The day my cousin Billy started his truck in the garage and rolled up the windows and died was the same day I did laundry and hung it out on the line to dry. Dad told me about Billy when I called him just before midnight to tell him happy birthday.
On that day, I went downstairs to the washer in my friends’ basement, a wicker basket of dirty laundry hoisted on my hip: striped and plain socks, light blue underwear from Target, thrift store shirts, jeans, green bed-sheets, dishrags, three towels, a grey sweater. I hit medium load and cold, cold and dribbled the cup of Cheer liquid soap all around the agitator. Upstairs, I set the kitchen timer for thirty minutes while the clothes washed. I set an egg to boil and graded papers and was startled when the timer went off. I pulled the wet clothes from the washer and dropped them into the basket, nearly losing a sock to the two-inch gap between washer and drier.
I might have used the army-green drier if it were winter but that day the drier sat there drab and artless, out of date, unable to make my clothes smell like the sun. So I took the heavy basket out to the line where clothespins stay year-round, ever ready to clip the shoulders and waistlines of clothes. I clasped one after another, sometimes doubling up the edge of a towel and the toe of a sock under the same clothespin since, over time, pins have been lost and are scarce. My red shirt stuck out its white tag at me like a tongue; the bed-sheet hugged me to itself with its animating gust of wind; the dark blue jeans, unzipped, gaped a lighter blue at the sun.
I left it all to dry and went up to my apartment and, from my window, watched the jean legs kick in the wind and I loved the laundry right then because it spoke of process: the soaking, the lather, the spin, the rinse, the hanging, the sun’s part, and – soon – the gathering in, the dressing, the tucking in of a sheet. And I remembered that once, in summer when I was a kid, I was working in the garden with my older sister. We were bent over, weeding the half-runner bean row and she stood up, nearly stricken, and said, “What if this is all there is? How could you stand it?” I didn’t remember what I had said to her in reply, but as I looked then at my restless jeans and shirts, I asked her question again: what if this is all we’ve got? I didn’t feel the despair with which her young voice trembled; instead I felt that if this is indeed all we really have, it is still so much. I felt as though I was not alone; I was working alongside other bodies and we were making long long shadows as the day wore on.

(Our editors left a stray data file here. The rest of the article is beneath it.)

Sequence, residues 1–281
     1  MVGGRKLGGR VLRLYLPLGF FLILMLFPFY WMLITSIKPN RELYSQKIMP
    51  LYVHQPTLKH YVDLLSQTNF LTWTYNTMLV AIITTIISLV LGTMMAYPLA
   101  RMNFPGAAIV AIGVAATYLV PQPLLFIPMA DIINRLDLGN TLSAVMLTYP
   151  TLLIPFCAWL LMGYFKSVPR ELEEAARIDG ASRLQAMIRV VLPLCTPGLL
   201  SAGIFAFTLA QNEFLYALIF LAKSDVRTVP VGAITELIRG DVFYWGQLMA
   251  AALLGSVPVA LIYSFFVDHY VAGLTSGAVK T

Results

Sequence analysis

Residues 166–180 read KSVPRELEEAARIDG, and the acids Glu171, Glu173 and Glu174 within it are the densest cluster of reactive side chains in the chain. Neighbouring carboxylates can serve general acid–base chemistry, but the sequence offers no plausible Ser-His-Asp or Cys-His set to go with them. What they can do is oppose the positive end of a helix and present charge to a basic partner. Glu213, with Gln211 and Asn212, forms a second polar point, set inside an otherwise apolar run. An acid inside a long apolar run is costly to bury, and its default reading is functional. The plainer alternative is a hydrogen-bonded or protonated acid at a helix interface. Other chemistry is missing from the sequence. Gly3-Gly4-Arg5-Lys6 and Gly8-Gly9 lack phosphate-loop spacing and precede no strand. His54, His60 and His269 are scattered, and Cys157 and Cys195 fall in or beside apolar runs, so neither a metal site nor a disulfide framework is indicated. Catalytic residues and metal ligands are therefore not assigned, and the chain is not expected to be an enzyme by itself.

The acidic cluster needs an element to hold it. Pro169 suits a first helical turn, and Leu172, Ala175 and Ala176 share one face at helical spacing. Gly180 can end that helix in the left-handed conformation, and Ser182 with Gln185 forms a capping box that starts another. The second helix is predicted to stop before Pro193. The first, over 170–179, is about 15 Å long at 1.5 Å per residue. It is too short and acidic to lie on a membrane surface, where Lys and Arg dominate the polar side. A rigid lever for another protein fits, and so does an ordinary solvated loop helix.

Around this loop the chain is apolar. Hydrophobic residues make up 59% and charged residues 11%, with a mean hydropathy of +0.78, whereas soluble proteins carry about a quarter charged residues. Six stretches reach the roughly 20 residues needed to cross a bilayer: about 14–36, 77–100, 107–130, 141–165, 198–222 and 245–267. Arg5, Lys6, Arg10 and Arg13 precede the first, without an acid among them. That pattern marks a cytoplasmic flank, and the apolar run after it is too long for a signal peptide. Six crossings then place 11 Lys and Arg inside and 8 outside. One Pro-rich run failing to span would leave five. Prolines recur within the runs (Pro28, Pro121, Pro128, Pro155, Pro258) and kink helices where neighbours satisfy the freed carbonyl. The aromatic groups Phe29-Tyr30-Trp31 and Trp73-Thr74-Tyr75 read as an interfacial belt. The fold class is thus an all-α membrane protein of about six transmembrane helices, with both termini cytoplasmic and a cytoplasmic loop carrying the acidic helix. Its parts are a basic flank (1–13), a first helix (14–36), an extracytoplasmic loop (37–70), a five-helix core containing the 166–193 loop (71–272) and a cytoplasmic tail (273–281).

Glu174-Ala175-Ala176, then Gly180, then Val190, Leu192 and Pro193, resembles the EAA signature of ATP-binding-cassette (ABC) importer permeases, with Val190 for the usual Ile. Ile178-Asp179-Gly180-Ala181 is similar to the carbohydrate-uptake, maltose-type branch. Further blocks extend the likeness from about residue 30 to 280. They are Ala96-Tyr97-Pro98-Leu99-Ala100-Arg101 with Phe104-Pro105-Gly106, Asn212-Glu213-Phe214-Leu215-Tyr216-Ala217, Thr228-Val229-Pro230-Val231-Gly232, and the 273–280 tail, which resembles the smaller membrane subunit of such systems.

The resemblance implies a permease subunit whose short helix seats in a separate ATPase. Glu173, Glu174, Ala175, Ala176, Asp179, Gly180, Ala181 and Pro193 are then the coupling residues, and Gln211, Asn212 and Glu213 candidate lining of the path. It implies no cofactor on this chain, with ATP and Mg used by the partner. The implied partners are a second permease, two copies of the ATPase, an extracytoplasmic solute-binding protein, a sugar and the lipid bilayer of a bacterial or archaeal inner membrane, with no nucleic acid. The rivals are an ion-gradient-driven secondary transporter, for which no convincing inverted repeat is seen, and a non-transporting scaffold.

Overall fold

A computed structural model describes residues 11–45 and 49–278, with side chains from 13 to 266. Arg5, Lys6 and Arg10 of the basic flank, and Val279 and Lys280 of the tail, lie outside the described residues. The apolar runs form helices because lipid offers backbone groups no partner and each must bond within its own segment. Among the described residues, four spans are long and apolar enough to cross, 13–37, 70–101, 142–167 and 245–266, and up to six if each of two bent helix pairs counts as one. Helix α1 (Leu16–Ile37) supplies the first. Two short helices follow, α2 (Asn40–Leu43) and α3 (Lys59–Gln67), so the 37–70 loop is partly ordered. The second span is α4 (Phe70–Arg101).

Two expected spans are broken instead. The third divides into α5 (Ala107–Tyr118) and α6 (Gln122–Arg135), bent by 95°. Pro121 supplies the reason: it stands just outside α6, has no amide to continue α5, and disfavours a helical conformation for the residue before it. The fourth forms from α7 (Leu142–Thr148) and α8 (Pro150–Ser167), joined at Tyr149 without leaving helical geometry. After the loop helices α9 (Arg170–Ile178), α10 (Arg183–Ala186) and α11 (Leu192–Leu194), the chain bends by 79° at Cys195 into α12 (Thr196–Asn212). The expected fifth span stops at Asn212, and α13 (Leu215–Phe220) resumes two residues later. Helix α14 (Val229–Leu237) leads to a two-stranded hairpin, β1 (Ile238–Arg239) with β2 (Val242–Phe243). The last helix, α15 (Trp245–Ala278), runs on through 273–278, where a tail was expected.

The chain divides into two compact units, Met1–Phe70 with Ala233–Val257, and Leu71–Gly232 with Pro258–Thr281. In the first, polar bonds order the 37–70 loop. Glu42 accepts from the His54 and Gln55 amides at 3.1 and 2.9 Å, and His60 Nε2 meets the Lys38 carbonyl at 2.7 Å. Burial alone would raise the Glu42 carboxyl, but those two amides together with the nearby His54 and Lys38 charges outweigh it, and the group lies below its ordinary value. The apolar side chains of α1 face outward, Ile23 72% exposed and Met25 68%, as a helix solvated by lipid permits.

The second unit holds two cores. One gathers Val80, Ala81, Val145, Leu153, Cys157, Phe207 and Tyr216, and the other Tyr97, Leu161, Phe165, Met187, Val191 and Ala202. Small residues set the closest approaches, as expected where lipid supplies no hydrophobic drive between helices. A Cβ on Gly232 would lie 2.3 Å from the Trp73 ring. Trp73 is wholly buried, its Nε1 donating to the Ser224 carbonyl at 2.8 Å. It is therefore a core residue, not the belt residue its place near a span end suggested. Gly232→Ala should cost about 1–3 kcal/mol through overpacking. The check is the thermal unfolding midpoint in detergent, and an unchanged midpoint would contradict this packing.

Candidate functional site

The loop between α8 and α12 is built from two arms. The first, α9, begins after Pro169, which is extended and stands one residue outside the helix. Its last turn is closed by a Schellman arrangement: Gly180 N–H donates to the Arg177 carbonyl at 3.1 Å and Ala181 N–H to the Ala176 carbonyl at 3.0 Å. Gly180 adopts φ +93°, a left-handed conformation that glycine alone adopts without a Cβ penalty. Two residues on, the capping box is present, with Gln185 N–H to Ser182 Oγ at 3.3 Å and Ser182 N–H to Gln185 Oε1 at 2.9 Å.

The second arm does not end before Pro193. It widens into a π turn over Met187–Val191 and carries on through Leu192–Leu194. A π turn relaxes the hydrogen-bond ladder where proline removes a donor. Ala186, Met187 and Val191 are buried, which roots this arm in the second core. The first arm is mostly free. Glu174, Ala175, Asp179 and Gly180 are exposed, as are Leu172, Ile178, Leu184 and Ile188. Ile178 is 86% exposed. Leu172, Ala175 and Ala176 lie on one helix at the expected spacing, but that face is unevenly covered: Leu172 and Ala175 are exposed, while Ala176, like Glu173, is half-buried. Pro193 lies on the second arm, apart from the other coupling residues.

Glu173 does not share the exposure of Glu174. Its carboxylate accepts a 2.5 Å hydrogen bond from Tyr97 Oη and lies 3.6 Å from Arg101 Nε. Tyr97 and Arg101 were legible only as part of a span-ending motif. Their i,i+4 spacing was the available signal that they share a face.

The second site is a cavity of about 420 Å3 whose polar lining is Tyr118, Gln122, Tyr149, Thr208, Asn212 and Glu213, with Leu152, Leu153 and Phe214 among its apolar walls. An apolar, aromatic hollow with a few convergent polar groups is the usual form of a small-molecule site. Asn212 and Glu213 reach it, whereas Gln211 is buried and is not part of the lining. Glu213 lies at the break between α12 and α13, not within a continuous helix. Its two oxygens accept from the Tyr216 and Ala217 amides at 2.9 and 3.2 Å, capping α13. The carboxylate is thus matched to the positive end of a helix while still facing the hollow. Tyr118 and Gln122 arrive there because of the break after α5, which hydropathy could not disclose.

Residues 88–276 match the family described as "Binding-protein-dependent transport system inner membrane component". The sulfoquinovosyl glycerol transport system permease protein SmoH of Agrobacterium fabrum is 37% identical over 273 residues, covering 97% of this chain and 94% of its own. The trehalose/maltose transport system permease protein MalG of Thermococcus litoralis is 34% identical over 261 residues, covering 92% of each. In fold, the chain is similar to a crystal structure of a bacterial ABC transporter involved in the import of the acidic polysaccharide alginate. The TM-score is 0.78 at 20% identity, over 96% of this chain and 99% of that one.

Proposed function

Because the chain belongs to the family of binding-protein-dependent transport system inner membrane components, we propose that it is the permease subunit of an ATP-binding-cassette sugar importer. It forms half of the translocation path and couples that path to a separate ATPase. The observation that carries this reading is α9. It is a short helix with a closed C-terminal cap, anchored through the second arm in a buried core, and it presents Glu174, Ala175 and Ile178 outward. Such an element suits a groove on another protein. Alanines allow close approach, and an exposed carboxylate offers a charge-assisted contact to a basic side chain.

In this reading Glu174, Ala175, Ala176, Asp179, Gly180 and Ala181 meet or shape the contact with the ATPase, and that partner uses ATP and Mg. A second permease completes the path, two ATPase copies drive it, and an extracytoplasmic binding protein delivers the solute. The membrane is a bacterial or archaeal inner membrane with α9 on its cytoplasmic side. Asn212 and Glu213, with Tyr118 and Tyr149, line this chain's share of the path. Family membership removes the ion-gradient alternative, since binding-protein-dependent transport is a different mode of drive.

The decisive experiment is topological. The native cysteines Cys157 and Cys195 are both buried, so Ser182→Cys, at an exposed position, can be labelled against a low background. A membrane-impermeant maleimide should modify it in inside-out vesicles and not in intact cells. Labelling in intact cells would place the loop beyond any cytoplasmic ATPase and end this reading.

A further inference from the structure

I think of how acute in me these notions were that day, as Billy started his truck engine, having written a suicide note to my Aunt Becky. He was a postman in his forties.
Billy, at the end of day, before I could take my laundry down from the line, it started to rain. It rained hard and long into the night and the jeans hung there like black dead weight. I stared at the loaded line and felt futile. Fucking rain, I said, and I actually almost cried, like a spoiled little girl, thinking “What did I even do it for? Now that it’s all ruined?” Not just the work but the loving of the work, the frenzy of foolish hopefulness around it. Maybe that’s when you died that day, when the rain started. You were always kind to me.
I am restless; I don’t want to rest yet.
It rained all night, but in the morning the clothes flapped dry. In the morning I gathered them in as gifts.
This is an excerpt of a longer article that appears in Geez magazine, Spring 2007.